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Naturalization Ceremony for 4,000 Latinos to Highlight HispanaFest

September 14, 1989|CARLOS V. LOZANO | Times Staff Writer

The largest naturalization ceremony ever held for a single ethnic group will highlight the first HispanaFest in Southern California, organizers said.

About 4,000 Latinos will be sworn in as U.S. citizens on the second day of the festival, scheduled for Sept. 15-16, said festival Chairman Ernest Osuna.

The massive swearing-in ceremony will be held at Weingart Stadium on the campus of East Los Angeles College in Monterey Park.

U.S. District Judge Manuel L. Real will administer the oath of citizenship to the people, who Immigration and Naturalization officials say come from 17 Latin American countries, including Mexico, El Salvador, Panama and Brazil.

Donald Looney, deputy district director of the U.S. Immigration and Naturalization Service, said large swearing-in ceremonies are not uncommon in Los Angeles. He said because of a huge backlog of applications, many of the ceremonies often include as many as 3,000 people.

Looney, however, confirmed that the HispanaFest citizenship ceremonies would be the largest ever for a particular ethnic group.

After the hourlong ceremony, Osuna said the new citizens will be invited to participate in the annual Sept. 16 East Los Angeles Parade, which commemorates Mexican Independence Day. The parade was delayed one week this year to coincide with HispanaFest, he said. The parade begins at 1:30 p.m.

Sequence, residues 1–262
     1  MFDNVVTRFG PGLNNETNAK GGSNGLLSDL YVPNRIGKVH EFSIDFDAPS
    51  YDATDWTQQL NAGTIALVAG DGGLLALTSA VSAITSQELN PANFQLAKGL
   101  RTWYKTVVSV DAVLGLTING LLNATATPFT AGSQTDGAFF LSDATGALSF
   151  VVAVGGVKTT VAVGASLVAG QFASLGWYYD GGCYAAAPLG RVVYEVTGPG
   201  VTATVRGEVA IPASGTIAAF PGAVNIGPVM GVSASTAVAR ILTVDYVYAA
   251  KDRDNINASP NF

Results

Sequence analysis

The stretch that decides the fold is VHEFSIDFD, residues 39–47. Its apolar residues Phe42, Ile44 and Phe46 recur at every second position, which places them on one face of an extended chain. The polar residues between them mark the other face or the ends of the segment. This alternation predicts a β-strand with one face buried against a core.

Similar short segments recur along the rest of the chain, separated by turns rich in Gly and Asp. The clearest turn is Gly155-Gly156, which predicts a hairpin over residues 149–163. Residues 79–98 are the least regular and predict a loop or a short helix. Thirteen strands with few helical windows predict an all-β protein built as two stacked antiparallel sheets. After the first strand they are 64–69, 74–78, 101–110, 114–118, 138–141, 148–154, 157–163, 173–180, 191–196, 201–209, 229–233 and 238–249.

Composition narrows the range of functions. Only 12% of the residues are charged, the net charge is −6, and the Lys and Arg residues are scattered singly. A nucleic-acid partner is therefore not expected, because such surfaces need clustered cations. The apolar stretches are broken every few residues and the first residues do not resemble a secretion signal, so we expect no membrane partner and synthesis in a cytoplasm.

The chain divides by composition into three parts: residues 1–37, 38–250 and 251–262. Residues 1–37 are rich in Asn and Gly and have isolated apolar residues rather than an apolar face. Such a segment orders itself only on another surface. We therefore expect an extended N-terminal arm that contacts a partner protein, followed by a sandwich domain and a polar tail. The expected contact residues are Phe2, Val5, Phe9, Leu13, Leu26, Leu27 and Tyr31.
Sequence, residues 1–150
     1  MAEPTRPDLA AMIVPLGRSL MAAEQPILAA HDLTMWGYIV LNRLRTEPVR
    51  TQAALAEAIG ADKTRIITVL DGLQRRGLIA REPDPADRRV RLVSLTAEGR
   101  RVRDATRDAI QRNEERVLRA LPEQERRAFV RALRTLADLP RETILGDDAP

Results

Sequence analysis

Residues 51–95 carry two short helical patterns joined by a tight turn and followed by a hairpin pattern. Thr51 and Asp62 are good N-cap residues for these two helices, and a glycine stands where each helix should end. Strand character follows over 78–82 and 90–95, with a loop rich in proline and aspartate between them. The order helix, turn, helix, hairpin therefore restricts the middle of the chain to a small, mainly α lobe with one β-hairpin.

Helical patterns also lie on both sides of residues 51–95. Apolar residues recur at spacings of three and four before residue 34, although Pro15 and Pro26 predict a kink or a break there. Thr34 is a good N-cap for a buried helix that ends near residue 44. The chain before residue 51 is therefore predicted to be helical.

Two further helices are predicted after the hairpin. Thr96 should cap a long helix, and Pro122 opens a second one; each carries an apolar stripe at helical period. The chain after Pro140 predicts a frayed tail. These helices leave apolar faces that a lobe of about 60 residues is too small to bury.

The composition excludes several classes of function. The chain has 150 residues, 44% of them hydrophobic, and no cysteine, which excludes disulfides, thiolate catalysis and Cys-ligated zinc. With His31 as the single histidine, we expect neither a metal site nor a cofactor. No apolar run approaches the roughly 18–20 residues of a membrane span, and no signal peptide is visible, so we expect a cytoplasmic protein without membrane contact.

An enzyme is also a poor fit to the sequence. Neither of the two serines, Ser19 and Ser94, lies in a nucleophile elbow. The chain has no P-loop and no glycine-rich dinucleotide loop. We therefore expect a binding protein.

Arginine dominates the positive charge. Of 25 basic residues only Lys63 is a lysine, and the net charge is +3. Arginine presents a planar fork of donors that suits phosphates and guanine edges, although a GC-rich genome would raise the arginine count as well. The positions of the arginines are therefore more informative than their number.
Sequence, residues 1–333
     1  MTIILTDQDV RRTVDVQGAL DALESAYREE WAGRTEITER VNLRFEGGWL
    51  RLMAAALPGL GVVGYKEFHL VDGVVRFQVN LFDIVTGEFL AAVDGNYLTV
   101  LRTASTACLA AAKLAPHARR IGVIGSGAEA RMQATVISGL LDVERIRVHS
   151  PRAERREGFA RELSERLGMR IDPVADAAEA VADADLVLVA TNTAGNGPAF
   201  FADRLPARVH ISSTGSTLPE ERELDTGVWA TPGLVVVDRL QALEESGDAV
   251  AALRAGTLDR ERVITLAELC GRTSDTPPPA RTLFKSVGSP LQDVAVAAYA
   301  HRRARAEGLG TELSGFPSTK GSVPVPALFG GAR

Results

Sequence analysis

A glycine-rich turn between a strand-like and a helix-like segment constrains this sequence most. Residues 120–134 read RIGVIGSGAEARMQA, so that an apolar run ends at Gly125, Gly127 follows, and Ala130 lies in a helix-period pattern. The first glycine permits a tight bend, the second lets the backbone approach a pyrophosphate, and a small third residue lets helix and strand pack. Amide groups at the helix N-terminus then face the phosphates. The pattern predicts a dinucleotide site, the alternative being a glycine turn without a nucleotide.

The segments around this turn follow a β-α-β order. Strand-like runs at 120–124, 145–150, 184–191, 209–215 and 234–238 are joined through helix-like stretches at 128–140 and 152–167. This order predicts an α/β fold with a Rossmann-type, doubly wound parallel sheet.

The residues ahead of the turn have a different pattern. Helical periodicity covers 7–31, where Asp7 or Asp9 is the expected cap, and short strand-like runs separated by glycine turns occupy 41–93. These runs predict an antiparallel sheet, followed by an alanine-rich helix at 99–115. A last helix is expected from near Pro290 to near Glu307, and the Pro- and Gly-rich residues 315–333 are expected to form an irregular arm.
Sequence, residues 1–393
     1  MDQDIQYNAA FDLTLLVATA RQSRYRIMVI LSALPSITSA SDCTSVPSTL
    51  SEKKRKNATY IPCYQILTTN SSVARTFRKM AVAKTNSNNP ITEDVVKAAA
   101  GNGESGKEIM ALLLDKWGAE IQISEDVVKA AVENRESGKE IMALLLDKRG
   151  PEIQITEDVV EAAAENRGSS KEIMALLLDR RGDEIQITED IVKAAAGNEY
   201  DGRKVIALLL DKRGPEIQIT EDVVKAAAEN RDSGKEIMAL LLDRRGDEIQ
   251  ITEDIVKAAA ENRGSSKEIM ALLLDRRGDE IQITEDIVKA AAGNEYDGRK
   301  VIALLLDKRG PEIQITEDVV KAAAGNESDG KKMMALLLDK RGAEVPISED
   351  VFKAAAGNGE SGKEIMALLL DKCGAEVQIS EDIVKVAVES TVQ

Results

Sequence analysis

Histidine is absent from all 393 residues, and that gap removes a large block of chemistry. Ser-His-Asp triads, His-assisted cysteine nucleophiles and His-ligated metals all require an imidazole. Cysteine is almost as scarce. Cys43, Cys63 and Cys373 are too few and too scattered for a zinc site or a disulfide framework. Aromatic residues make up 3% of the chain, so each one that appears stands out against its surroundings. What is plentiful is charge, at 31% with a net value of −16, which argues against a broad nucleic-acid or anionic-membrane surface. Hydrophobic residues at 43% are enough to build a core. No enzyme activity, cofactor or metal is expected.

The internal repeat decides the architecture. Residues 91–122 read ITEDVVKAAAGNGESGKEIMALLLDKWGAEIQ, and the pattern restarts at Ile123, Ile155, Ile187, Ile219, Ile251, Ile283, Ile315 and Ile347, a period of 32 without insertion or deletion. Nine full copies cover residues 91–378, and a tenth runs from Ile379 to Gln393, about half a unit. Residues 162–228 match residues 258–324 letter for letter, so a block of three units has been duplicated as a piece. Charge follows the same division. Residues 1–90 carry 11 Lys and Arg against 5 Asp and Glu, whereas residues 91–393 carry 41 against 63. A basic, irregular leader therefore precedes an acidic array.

"The purpose of HispanaFest is to bring about greater understanding and concern of Hispanic people during National Hispanic Heritage Week," which President Bush has proclaimed for Sept. 11-17, Osuna said.

The festival begins Sept. 15 with a HispanaFest breakfast at the downtown Los Angeles Hyatt Regency. Olivia Manzo, who is helping to coordinate the 8:30 a.m. breakfast, said about 600 invitations have been sent out to Los Angeles community leaders as well as various schools, churches and social organizations.

Manzo said an additional 200 invitations have been set aside for people who will be participating in the naturalization ceremony.

The day will end with a fund-raising dinner for the Hispanic Scholarship Program of HispanaFest. A festival organizer, Lupe Ramos, said proceeds from the $150-a-plate dinner will go toward scholarships for Latino students wanting to attend East Los Angeles College. The dinner begins at 5:30 p.m. at the Embassy Suites Hotel in Los Angeles,

Osuna said that celebrated Garfield High School teacher Jaime Escalante will be honored at the dinner for his achievements in the teaching field.

Organizers had planned to hold a rally in Oxnard on Sept. 14 promoting the development of reading and writing skills among young Latino students. Osuna, however, said plans fell through for the project because organizers could not guarantee that First Lady Barbara Bush, the national spokeswoman on literacy, would attend.

Osuna, vice president of the California Bicentennial Foundation for the U.S. Constitution, said he is volunteering his services to organize and promote HispanaFest.

For more information on HispanaFest, call (213) 461-6307.

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